Gideon Haigh, in the Weekend Australian, 29-30 October 2011 with different title… Gideon Haigh is one of Australia’s best sports writers and has expertise in financial analysis as well. He has now joined the Weekend Australian’s columns and must be listened to avidly. Web Editor.
HYPOCRISY, the saying goes, is the homage that vice pays to virtue. In cricket, it is the homage administrators pay to Test matches. Time and again, administrators assure us of their continued regard for Test cricket as the game’s ultimate form. Then they pull sneaky little manoeuvres like winnowing Australia’s planned three-Test series against South Africa away to two, and England’s promised five-Test series against South Africa next year to three.
Their recent decision to welch on playoffs for the World Test Championship is perhaps their most destructive move yet. Destructive and also instructive: because it demonstrates how far the game’s welfare now falls behind self-interest and short-term financial expediency as a governance priority.
At their July annual meeting inHong Kong, the executive board of the International Cricket Council, on which Cricket Australia’s representative was its chairman Jack Clarke, agreed to advance plans for playoffs to the World Test Championship: semi-finals and a final among the top four ranked countries. It was welcomed as a much-needed innovation: a chance to contextualise the game’s most skilful and historic format, and enrich it with a finale worth the name.The ICC Test rankings are useful but notional. The prestige conferred is transitory. The prize money is pissant: $US175,000 ($164,000) to the No 1 Test nation on April 1 each year, which is roughly what MS Dhoni earned for each appearance in the last Indian Premier League.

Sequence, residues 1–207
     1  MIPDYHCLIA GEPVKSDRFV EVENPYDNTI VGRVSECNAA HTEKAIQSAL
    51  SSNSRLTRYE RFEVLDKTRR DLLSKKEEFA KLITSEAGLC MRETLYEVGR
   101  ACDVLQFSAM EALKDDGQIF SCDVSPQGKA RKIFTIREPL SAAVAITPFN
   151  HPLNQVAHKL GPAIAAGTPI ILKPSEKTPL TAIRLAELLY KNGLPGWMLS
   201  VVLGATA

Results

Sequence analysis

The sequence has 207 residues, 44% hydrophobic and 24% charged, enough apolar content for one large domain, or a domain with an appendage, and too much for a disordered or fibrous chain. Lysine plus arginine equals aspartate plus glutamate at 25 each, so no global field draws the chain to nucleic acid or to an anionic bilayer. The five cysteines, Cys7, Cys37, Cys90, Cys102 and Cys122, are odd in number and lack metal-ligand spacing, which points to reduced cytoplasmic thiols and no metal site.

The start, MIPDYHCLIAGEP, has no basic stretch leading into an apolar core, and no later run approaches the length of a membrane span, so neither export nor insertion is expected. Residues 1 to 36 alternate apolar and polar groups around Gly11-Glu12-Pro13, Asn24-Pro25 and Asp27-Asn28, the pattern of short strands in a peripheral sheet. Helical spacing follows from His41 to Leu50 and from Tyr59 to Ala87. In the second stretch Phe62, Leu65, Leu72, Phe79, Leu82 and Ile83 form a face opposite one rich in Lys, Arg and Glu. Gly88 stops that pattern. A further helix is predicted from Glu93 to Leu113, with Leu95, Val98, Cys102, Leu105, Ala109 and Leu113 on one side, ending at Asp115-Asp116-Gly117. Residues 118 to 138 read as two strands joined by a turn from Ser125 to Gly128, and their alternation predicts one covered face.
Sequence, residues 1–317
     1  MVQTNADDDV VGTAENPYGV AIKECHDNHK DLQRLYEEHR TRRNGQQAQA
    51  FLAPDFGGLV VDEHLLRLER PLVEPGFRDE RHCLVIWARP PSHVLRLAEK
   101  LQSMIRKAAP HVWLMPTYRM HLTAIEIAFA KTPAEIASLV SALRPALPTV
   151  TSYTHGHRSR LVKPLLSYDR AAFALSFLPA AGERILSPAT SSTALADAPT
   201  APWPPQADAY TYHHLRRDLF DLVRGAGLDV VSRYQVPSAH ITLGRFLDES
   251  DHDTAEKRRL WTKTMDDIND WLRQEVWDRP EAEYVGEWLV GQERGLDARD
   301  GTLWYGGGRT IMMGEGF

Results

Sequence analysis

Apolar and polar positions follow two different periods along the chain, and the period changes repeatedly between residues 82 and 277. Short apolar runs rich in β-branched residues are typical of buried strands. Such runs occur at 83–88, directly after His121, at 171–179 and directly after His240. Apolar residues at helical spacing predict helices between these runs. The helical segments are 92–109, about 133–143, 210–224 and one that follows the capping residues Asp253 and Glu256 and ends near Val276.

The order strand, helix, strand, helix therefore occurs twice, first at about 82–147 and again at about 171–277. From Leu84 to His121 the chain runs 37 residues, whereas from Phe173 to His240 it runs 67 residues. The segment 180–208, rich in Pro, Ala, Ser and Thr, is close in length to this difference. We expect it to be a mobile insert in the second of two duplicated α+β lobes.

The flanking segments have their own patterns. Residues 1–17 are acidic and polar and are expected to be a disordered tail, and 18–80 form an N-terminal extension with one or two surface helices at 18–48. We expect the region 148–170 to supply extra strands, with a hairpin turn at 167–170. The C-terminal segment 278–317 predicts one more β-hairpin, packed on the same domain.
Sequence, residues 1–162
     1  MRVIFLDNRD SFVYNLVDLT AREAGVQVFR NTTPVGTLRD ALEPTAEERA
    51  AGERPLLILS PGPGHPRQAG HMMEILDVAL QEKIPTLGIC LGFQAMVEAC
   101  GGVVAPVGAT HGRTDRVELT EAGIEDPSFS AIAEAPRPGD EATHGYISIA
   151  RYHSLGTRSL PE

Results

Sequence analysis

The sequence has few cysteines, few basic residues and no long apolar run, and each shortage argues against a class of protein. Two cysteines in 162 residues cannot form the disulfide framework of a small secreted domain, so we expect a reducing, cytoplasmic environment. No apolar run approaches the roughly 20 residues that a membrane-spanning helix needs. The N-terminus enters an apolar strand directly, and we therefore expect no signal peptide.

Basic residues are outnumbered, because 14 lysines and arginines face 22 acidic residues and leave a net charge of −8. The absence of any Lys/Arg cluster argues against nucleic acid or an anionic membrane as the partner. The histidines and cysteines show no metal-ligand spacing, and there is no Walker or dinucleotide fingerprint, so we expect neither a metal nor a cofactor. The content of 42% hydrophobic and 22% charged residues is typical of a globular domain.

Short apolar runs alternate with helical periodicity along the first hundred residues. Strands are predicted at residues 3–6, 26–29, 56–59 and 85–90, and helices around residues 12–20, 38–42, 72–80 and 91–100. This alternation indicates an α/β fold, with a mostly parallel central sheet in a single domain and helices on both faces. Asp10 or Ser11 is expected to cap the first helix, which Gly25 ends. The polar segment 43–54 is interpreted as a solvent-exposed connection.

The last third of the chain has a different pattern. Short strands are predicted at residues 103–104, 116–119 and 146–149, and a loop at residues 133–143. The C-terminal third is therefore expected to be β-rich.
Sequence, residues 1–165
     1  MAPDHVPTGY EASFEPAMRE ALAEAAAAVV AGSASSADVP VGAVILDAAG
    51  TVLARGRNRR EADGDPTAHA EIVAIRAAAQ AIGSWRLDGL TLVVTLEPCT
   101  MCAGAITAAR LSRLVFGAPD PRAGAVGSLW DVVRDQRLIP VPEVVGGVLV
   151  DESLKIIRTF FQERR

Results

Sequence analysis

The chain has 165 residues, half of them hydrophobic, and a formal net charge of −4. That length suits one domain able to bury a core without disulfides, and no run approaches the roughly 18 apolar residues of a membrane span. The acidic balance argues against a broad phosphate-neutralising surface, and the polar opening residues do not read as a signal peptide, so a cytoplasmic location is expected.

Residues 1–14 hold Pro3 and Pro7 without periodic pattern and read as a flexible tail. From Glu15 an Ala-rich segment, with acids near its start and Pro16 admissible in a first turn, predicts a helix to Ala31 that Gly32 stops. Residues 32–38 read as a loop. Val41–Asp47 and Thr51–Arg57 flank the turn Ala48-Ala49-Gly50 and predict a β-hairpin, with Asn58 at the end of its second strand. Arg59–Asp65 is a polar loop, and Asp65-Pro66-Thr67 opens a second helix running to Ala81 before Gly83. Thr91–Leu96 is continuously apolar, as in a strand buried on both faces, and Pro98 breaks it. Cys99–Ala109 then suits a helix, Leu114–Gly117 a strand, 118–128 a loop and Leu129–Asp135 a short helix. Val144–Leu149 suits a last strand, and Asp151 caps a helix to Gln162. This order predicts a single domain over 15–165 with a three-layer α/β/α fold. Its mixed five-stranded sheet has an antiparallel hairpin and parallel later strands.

It is also less than the directors are believed to have spent, soon after their commitment, on an expenses-paid, spouses-included, first-class trip for themselves to the 2000th Test, betweenEnglandandIndia. Tasty gig.
Yet the celebrations were premature if they were ever ingenuous. Somewhere between the last vintage port and the ICC meeting in Dubai earlier this month, it was quietly decided that the playoffs were all a bit too difficult, and could wait another four years.
So what happened? The playoffs were always contingent on the consent of ESPN-Star, which five years ago paid north of $1 billion for broadcast rights to nine ICC events, including World Cups and World T20s, from 2007 to 2015. What was mooted was a swap: slotting the playoffs into the calendar in place of the Champions Trophy, that quintessence of more-is-less 50-over tournaments, scheduled forEnglandin 2013.
Because one-day internationals outrate Tests on the Indian sub-continent, and also becauseIndia’s participation could not be guaranteed, it was understood that varying arrangements would entail a financial sacrifice. But ESPN-Star, which has been a first-rate broadcast partner for the ICC, was not thought unduly hostile to the idea.